Shadows are intrinsically linked to the history of cinema, both technically (images are produced quite literally by light and shadow) and also in terms of its basic metaphors: from Plato’s Cave to the shadow plays and phantasmagoria of early proto- cinematic experiments. Our yearlong film series, Short Shadows, not only refers to the magic of cinema but also suggests the disruption of cinematic illusion, a strategy fundamental to artists’ moving image and experimental film practices. Short Shadows alludes to the communal experience of an onscreen shadow cast by the late-arriving audience member, and revels in the artists’ deliberate disruption of cinematic phantasm.
The artists presented in the series are concerned with unexpected historical interconnections and they advocate for a practice capable of attending to the political importance of such convergences. Mostly produced within the last decade, their films, videos, poems, and performances shine a light on cultural and historical events that may otherwise remain in shadow, and, whether anchored in real or fictional scenarios, each work stretches beyond a singular moment or place.
The first season of Short Shadows included such varied films as Lucrecia Martel’s restaging of a 1950s novel set in an 18th-century South American colony, Clarissa Tossin’s reflection of Mayan influence on California Modernism, Deimantas Narkevičius’s underground staging of Jesus Christ Superstar in early 1970s Vilnius, Dora Garcia’s fragmented reenactment of Buenos Aires happenings during the psychosis of the 1960s disappearances, and Basir Mahmood’s gestures of contemporary “Lollywood” cinema. In this second season, we move between Tomás Gutiérrez Alea’s intimate Cuban revolutionary cinema and Marcos Serafim, Zé Kielwagen, and Steevens Simeon’s traversal of a Port-au-Prince graveyard, to the sleek homes of American art collectors in Carissa Rodriguez’s The Maid. The dramaturgy of the series entangles cultural and political histories. In so doing, it aims to articulate the inseparability of aesthetic, social, political, linguistic, territorial, and technological conditions, yet attempts to resist treating that inseparability as simply a set of straightforward themes or plot lines.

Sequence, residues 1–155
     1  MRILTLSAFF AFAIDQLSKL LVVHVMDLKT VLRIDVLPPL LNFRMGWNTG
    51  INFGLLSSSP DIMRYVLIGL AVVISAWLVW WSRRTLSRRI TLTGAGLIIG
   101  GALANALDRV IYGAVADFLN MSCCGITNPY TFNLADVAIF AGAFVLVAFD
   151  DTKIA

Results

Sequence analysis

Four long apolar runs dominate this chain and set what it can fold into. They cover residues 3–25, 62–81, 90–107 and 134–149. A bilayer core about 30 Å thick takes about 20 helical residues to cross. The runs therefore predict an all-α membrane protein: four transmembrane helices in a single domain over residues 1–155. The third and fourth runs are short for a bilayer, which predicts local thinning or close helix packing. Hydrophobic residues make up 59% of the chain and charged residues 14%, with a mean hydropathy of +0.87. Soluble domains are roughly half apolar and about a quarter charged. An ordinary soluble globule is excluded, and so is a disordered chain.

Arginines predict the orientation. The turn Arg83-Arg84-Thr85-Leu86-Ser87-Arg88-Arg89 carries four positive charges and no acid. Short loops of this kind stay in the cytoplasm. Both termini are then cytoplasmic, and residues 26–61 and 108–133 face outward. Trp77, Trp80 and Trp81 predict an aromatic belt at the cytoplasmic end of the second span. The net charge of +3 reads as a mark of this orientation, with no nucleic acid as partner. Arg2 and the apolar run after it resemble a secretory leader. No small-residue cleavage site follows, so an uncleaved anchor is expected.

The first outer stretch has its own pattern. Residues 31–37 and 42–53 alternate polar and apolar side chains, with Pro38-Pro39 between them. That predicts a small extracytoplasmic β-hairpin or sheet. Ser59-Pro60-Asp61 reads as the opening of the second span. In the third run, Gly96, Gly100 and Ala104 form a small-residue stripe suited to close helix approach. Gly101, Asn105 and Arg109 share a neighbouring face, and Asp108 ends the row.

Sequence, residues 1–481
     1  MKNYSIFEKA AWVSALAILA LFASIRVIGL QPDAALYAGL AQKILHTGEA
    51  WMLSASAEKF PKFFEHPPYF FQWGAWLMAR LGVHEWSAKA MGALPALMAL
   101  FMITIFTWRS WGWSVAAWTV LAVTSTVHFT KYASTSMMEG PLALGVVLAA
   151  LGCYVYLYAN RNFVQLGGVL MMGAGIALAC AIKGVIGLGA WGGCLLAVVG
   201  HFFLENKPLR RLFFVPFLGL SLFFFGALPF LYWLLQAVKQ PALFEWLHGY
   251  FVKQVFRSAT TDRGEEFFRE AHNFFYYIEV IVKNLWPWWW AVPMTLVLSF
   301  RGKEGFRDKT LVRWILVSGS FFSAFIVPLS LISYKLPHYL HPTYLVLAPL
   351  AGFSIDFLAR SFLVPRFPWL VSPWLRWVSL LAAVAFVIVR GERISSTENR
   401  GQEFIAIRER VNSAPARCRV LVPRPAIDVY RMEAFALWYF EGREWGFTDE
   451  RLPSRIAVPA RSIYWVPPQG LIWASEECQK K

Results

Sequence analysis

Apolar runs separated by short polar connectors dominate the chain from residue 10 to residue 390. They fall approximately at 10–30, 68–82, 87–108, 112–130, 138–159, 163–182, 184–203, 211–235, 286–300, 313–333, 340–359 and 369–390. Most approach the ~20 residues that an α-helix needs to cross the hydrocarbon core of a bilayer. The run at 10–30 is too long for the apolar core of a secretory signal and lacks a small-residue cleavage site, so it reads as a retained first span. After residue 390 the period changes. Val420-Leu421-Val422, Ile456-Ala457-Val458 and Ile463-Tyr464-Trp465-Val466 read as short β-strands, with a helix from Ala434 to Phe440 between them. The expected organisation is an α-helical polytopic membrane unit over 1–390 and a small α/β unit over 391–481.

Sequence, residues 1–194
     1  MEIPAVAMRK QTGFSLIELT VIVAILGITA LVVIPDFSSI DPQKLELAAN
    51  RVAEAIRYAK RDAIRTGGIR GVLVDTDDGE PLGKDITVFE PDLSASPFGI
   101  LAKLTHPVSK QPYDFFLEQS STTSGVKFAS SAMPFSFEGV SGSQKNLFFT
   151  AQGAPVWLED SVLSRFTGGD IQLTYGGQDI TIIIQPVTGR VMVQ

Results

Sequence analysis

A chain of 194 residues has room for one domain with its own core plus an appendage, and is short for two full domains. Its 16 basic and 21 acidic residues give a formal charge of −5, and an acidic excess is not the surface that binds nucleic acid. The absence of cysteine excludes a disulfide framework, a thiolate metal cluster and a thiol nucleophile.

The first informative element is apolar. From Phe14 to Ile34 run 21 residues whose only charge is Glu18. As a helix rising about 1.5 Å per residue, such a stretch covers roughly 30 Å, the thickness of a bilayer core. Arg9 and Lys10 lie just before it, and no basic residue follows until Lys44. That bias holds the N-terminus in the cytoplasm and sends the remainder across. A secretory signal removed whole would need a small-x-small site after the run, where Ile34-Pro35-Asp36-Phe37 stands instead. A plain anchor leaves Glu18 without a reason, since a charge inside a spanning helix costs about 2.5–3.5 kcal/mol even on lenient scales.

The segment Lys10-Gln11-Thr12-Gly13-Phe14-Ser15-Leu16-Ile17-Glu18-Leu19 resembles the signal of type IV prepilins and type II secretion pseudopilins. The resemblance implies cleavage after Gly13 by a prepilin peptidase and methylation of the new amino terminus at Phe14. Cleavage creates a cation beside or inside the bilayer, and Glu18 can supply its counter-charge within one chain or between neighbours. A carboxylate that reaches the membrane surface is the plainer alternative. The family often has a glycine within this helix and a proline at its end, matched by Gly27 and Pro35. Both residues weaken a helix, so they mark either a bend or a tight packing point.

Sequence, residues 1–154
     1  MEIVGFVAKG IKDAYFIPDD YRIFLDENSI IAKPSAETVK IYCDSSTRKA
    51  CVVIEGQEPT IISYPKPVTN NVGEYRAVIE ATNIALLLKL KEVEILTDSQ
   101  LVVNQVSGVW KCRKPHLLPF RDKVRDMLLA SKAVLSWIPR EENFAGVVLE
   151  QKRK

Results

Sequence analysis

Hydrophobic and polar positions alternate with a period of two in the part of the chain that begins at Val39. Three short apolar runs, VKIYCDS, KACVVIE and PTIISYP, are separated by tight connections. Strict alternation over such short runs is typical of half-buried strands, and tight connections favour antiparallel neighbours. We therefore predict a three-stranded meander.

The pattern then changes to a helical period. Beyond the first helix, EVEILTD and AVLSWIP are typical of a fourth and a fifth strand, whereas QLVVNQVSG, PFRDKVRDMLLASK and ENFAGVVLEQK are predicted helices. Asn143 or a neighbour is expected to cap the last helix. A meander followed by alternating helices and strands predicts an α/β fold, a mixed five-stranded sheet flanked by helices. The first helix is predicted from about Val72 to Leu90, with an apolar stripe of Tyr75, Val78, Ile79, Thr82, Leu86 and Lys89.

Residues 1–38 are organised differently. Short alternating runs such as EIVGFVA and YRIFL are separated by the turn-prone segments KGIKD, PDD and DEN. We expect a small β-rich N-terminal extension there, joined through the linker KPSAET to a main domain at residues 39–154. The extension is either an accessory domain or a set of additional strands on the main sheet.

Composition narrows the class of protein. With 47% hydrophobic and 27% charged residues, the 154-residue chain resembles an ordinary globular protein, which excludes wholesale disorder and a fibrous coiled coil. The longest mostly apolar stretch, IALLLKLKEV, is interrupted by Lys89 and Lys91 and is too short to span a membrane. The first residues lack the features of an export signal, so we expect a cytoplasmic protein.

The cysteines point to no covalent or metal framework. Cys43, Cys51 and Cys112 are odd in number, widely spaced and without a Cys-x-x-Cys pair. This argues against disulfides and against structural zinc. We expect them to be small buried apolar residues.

EMPAC Spring/Fall 2019
EMPAC Fall 2019 presentations, residencies, and commissions are made possible by Rensselaer Polytechnic Institute, with additional support from the National Endowment for the Arts; New York State Council on the Arts with the support of Governor Andrew M. Cuomo and the New York State Legislature; and the Australian Government through the Australia Council for the Arts. Additional project support by the New England Foundation for the Arts’ National Dance Project, with lead funding from the Doris Duke Charitable Foundation and The Andrew W. Mellon Foundation; the NYSCA/NYFA Artist Fellowship Program; and Creative Scotland.
EMPAC Spring 2019 presentations, residencies, and commissions are made possible by Rensselaer Polytechnic Institute, with continuous support from the New York State Council for the Arts with the support of Governor Andrew M. Cuomo and the New York State Legislature; the Australian Government through the Australia Council for the Arts; and the Jaffe Fund for Experimental Media and Performing Arts. Additional project support by the National Endowment for the Arts; the New England Foundation for the Arts’ National Dance Project, with funding from the Andrew W. Mellon Foundation; and the Center for Curatorial Studies at Bard College.